Directors/Screenplay/Producers – Stefan Avalos & Lance Weiler, Photography – Lance Weiler, Music – Stefan Avalos & A.D. Roso. Production Company – FFM Productions.
David Beard (David Leigh), James Seward (Jim Suerd), Stefan Avalos (Steven Avkast), Lance Weiler (Locus Wheeler), Michelle Pulaski (Michelle Monarch), Tom Brunt (Tom Branski), Rein Clabbers (Rein Clcklin), Mark Rublee (Clair Deforest), Dale Worstall (Dr Dale Orstall), A.D. Roso (Anthony Rosi), Sam Wells (Sam Woods), Jay McDonald (Jay McDowell), Vann K. Weller (Dr Vann Waller), Faith Weiler (Joyce Dryer)
David Leigh sets out to make a documentary about the murders of Steven Avkast and Locus Wheeler. In December of 1995, Avkast and Wheeler were the hosts of the failing cable tv paranormal investigation show Fact or Fiction. They staked everything on a show that was to be simulcast live across tv, radio and the internet. On the show, they trekked into the New Jersey Pine Barrens in search of the so-called Jersey Devil. They trusted in Jim Suerd, a probably fake psychic who said he could lead them to the Jersey Devil. Instead, Suerd stumbled back out of the forest shocked and bloodied. The slaughtered bodies of Wheeler and a crew member were found in the woods, while no trace could be found of Avkast. Suerd was convicted of the murders and died in prison. As Leigh sets about conducting his investigation, a piece of videotape evidence is mysteriously delivered to him, demonstrating Suerd’s innocence and revealing a very different story.
The Last Broadcast has the distinction of being one of the very first Found Footage films. It came out a whole year before The Blair Witch Project (1999), which is generally recognised as being the progenitor of what we call the Found Footage film today. Debates exist as to what was the very first Found Footage with examples such as Cannibal Holocaust (1979) and Man Bites Dog (1992) being offered, along with the final scenes of Snuff (1976). I would argue that the Patterson-Gimlin fragment of Bigfoot footage from 1967 was probably the first but others have made cases for films going back even earlier than that.
There are a surprising number of similarities between The Blair Witch Pproject and The Last Broadcast. Both have very similar plots about a group of people trekking into the woods and running afoul of a mysterious something that attacks them. The Last Broadcast also prefigures the trick that Blair Witch did in naming the characters after the actors playing them, although this spins the wording of the names slightly. The Last Broadcast does however go one step further than Blair Witch in having the two murdered hosts of the cable show being played by the two directors of the film.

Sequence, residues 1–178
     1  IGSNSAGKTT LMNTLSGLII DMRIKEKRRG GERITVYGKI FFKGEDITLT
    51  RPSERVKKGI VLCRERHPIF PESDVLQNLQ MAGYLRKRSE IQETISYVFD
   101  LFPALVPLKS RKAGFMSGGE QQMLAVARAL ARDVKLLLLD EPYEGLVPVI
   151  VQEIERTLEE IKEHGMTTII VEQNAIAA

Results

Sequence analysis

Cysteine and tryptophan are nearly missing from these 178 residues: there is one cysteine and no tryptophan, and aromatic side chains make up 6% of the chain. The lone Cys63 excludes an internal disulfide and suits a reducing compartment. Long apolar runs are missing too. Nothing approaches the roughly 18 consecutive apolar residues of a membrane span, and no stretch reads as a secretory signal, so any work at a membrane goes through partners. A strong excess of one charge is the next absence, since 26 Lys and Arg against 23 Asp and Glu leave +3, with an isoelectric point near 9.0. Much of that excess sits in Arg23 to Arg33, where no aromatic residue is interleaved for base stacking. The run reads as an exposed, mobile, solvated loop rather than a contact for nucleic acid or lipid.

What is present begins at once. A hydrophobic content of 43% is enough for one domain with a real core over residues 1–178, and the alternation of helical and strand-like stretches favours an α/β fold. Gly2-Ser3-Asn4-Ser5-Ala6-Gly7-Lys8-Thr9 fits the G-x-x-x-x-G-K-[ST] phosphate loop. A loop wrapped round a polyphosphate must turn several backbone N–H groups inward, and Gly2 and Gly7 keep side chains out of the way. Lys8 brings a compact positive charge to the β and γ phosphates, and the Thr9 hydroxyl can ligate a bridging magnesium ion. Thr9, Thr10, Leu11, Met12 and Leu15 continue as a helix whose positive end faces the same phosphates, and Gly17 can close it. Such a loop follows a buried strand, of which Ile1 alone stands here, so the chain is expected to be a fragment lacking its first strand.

That said, there are a substantial number of differences between the two films. Blair Witch constantly suggests something supernatural present in the woods, whereas The Last Broadcast, while also dallying with the idea that things might be down to the Jersey Devil, resembles more of an investigatory crime documentary. The Last Broadcast was also made before the tropes of the Found Footage film kicked in so it is rather odd watching and having one’s expectations of the genre constantly being offset. There is no ragged handheld camerawork with protagonists running through the thick of action being chased by something. Instead, the camerawork is almost all static and the film resembles less an edited work comprised from supposedly raw footage than it does a documentary with a narrator, talking heads shots and blow ups/cutaways to select pieces of film footage that are constantly being analysed.
It is also amusing watching The Last Broadcast in 2015 when it devotes some technical explanation to the difficulties of creating a live tv and internet simulcast, which would no doubt have been technologically challenging in 1998 but seems passé today. Not to mention where the seeming novelty of what the hosts were trying to do – investigate a mythical creature in the woods – is something that has been rendered routine in the ensuing decade by a host of cheap reality tv ghostbuster shows.
This far more static approach takes far longer to engage than most Found Footage films do. That said, when The Last Broadcast reaches its middle and suddenly starts making a case for the innocence of the accused, it takes on the nature of an investigative documentary. At this point, it suddenly becomes rather gripping in its pouring over the details and creation of a mystery about what really happened.
The one thing it engages in, a conceptually challenging idea that no other Found Footage film has taken – although the end of Book of Shadows: Blair Witch 2 (2000) dabbled with it in a muddled way – is the question of what we are being shown is reality and what is edited. The film reaches a completely wild left field ending that plays on this. I am not entirely sure if it is one that makes any real sense – a bit more exposition as to why and how this relates to the murder of the two talkshow hosts would have helped no end – but you have to admit the ingenuity of something that so pulls the rug out from under its audience.